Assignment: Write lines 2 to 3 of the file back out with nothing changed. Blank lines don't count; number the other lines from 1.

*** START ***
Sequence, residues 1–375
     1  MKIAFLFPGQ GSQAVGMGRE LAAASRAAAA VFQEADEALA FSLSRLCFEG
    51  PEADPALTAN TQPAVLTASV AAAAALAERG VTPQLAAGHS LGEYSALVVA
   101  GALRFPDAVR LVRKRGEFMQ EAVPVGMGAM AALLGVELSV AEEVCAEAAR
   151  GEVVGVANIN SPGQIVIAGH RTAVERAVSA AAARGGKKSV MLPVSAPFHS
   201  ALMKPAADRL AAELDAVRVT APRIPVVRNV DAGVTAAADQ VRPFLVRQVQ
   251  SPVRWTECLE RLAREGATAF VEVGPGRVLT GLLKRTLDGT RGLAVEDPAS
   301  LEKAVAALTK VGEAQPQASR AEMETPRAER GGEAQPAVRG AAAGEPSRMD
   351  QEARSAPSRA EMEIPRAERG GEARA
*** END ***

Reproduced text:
     1  MKIAFLFPGQ GSQAVGMGRE LAAASRAAAA VFQEADEALA FSLSRLCFEG
    51  PEADPALTAN TQPAVLTASV AAAAALAERG VTPQLAAGHS LGEYSALVVA